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Legal Classics: From the Minds of Key Historical Scholars to HeinOnline

Legal Classics, What's New
Shannon Sabo

Last month, HeinOnline’s Legal Classics database reached another milestone: it now contains more than 11,000 titles!

Last year, we blogged about the incredible collection of books contained in HeinOnline in its entirety. In total, there are nearly 50,000 books in HeinOnline.* Many HeinOnline databases contain books, including:

*Subscribers of the U.S. Congressional Documents will notice a higher number of books, because congressional hearings are technically categorized as books; these hearings were not counted as traditional books for the purpose of this post.

For the remainder of this post, the focus is exclusively on Legal Classics.

Incredible Growth and Content

In March of 2005, Legal Classics was launched with just 100 titles and 300,000 pages. Since then, it’s grown to include nearly 11,500 titles, with more than 200 titles added in the February 2018 content release alone.

Content in this database is authored by some of the world’s most well-known and celebrated legal scholars, including:

Joseph Story, an American lawyer, served on the United States Supreme Court from 1811 to 1845. He authored Commentaries on the Constitution of the United Statesa comprehensive treatise on United States constitutional provisions, which was first published in 1833. Story is also known for his opinions in two major Supreme Court cases: Martin v. Hunter’s Lessee (14 U.S. 304) and United States v. The Amistad (40 U.S. 518). Many additional books and articles by Joseph Story are available in HeinOnline.

Jeremy Bentham was an English philosopher, jurist, and early promoter of the idea of utilitarianism, a tradition which posits that an action is right if it tends to promote happiness and wrong if it produces the reverse. His first book, Fragment on Government: Being an Examination of What is Delivered on the Subject of Government in General, in the Introduction to Sir William Blackstone’s Commentaries, was published in 1776. He was an early advocate of equality between the sexes and the decriminalization of homosexuality. Check out other books and articles written by Bentham in various HeinOnline databases.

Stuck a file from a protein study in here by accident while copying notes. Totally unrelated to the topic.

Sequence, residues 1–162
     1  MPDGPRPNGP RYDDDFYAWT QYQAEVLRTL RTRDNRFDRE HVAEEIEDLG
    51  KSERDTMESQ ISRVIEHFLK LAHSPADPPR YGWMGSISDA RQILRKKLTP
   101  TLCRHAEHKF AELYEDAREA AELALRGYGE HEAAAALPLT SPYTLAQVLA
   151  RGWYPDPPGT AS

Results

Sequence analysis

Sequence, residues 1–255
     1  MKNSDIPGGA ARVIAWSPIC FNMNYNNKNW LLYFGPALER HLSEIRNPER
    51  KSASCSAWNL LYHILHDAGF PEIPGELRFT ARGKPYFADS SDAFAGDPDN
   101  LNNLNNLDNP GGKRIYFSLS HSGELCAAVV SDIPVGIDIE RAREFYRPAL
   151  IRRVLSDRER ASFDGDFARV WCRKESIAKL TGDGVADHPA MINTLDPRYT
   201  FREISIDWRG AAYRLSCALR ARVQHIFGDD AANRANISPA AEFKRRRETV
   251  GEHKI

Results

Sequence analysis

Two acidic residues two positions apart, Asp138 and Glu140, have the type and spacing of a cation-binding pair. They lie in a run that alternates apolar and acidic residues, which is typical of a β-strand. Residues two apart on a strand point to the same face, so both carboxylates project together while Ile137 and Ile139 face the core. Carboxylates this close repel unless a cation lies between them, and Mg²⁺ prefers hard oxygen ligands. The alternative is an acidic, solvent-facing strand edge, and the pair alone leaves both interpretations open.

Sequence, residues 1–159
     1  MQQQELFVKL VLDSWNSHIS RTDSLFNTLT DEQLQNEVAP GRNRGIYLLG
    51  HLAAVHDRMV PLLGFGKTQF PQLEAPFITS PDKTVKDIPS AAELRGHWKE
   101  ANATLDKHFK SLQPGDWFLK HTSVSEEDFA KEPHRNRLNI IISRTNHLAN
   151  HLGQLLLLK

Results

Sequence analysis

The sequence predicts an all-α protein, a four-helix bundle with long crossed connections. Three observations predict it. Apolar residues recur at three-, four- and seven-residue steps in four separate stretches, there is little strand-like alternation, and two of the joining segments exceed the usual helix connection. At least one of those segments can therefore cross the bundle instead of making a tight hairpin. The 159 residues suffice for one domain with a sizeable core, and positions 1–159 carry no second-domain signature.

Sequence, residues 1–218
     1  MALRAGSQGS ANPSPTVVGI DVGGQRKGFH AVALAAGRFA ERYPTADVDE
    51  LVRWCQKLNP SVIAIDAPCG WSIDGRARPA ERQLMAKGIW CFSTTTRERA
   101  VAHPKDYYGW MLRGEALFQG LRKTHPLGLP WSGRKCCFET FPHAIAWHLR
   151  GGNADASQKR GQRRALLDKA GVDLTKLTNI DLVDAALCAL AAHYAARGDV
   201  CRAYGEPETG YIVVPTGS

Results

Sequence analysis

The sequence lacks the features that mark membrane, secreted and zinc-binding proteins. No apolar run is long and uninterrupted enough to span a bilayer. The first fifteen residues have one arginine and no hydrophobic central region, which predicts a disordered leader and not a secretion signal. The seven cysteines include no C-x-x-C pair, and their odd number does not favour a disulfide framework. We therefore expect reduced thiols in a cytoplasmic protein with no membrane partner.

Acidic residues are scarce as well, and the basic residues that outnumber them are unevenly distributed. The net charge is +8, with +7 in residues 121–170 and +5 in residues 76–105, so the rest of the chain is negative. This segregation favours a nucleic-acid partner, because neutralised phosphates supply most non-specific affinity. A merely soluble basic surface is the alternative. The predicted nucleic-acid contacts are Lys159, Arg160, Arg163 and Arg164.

Benjamin Cardozo served as Chief Judge of the New York Court of Appeals before being appointed to the Supreme Court by President Herbert Hoover in 1932. He was a supporter of President Franklin Roosevelt’s New Deal program and known for his gentle nature. He wrote Nature of the Judicial Process, which was published in 1921, in addition to these other books and articles available in HeinOnline.

Research Historical and Legal Issues

In addition to the pure wealth of content in Legal Classics, HeinOnline’s rich metadata and handy tools provide a pleasant and efficient research experience. Use the main search bar to perform a simple search, or take advantage of pre-selected search fields using the Advanced Search option. For instance, perform a general search for the phrase “right to vote.” Matching text is highlighted in yellow throughout the results. Bookmark results to a MyHein personal research account, sort results by relevance, date, and more, or refine results using the facets on the left side of the page. For instance, select Constitutional law to refine results to that specific subject.

Browse Legal Classics content by title, author, date, or subject. To quickly navigate to books by Benjamin Cardozo, select Browse by: Author, choose C, and scroll through the alphabetical list of names.

To view titles by subject, select Browse by Subject. Title counts will appear next to each subject. Unsurprisingly, among the subjects with the most corresponding titles are lawyers and constitutional law!

The Legal Classics database will continue to grow. Be sure to follow HeinOnline on Twitter, Facebook, Instagram, and YouTube to stay on top of milestone, content, and feature announcements. For help searching and navigating the database, contact our dedicated support team at (800) 277-6995, via email, or by live chat!

Comments 1

  1. I used this yesterday to help find something that a law student was researching for a faculty member. We found it in a couple of minutes on HeinOnline. Because we found it so quickly, everyone looked like a champ.

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